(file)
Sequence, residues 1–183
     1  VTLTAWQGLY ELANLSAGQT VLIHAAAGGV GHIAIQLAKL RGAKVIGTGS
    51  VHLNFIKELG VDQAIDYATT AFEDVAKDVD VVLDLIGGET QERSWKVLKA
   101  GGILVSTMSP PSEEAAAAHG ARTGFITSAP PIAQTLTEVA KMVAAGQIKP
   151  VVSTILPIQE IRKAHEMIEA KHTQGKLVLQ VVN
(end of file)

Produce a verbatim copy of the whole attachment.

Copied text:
Sequence, residues 1–183
     1  VTLTAWQGLY ELANLSAGQT VLIHAAAGGV GHIAIQLAKL RGAKVIGTGS
    51  VHLNFIKELG VDQAIDYATT AFEDVAKDVD VVLDLIGGET QERSWKVLKA
   101  GGILVSTMSP PSEEAAAAHG ARTGFITSAP PIAQTLTEVA KMVAAGQIKP
   151  VVSTILPIQE IRKAHEMIEA KHTQGKLVLQ VVN